- As a result, in this schema (and unlike previously-discussed ones) we SHOULD use real encryption algorithm (and not obfuscation/scrambling); the
- OTOH, in addition to encryption – we still MAY (and IMO SHOULD) use some obfuscation/scrambling, just to make things even more difficult to the attacker.
- More importantly, with this schema Server-Side “knows” which portions of code Client-Side attempts to descramble, and – armed with its own information about which-functions-can-be-legitimately-called-in-current-Client-Side-state (and which guard-page exceptions can be legitimately raised) – it has a potential to detect blatant hacking attempts pretty easily. Examples of potential detections include such scenarios as “hey, non-hacked Client cannot request descrambling of code page 0xABCD before the MOBA match is running”, or even “hey, there is a middle of instruction at address 0xAA00, which means that such an exception can’t legitimately happen”.
- Moreover, if we feel particularly devious, in response to such blatant hacking attempts, our Server-Side can return different (Offset,Length,Key) tuple, which descrambles into the code which is somewhat-similar-but-not-used-in-real-game, so that attacker will spend time hacking something-having-no-resemblance-to-the-really-important-stuff.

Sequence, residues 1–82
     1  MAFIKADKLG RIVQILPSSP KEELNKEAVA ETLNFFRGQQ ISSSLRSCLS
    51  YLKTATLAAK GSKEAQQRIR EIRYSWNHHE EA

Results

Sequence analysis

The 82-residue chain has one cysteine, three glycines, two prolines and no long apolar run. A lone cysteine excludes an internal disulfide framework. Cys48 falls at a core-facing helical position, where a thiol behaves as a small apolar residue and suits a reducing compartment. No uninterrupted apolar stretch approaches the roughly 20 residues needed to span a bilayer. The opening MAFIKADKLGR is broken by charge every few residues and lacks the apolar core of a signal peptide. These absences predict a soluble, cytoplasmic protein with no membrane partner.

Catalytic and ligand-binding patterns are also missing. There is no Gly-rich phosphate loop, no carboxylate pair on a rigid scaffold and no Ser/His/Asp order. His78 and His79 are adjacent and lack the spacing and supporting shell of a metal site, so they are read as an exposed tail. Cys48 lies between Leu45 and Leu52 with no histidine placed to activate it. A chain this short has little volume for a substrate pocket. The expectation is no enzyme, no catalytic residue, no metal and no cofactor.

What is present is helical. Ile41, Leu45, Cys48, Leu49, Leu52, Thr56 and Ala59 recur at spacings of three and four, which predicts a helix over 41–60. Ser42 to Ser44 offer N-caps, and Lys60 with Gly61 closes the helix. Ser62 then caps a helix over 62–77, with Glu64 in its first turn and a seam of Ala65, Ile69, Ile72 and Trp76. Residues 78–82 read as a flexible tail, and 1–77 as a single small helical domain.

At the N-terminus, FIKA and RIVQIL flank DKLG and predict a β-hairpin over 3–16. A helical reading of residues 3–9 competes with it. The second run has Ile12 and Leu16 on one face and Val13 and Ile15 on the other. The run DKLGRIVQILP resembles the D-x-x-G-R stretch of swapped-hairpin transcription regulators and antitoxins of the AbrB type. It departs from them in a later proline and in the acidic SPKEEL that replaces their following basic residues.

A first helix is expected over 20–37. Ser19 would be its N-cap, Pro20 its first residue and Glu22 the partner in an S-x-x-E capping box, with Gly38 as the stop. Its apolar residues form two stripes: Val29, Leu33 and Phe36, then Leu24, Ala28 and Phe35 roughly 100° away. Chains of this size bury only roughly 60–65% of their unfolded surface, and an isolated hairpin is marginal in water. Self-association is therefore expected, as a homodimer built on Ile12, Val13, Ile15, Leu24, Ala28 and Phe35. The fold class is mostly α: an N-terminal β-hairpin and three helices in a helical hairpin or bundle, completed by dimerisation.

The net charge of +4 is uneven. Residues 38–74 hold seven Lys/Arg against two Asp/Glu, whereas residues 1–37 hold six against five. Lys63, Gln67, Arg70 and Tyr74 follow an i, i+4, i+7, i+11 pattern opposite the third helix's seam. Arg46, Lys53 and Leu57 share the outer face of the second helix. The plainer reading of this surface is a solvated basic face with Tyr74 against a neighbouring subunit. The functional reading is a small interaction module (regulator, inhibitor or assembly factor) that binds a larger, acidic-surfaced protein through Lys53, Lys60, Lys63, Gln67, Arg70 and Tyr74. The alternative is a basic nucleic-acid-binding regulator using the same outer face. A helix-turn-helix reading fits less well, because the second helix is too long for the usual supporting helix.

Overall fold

- Even more importantly for quite a few games out there, we can avoid revealing our code at all until player’s account is valuable; effectively – it allows to increase attack costs for the player.
- The most obvious example of it is not revealing payment-enabled parts of code until the player has really paid us (i.e. Server-Side won’t release the key to certain parts of the code to non-paying players). And if we identify a hack after the payment has successfully gone through – we can ban not only the hacker, but also his payment method (such as credit card, PayPal account, etc. etc.). This, along with a real-world fact that payment methods are rather expensive to change, will increase attack costs by orders of magnitude.7
- “This approach of 'not revealing code until attack costs are high' is certainly not limited to payments.This approach of “not revealing code until attack costs are high” is certainly not limited to payments. A less obvious example is to have your higher-profile-play which is enabled-only-for-players-with-certain-experience (from certain level, in certain tournaments, etc. etc.) have a differently obfuscated set of protocols (and differently obfuscated pretty-much-everything-else within appropriate portion of the Client-Side too). Even if Game Logic for such higher-profile play is exactly the same, different automagically generated obfuscations (discussed in [[TODO]] section below) will require attacker to break them again; moreover, this time – he’ll have to do it while being under a pressure of losing a not-so-easily-replaceable-account(!).8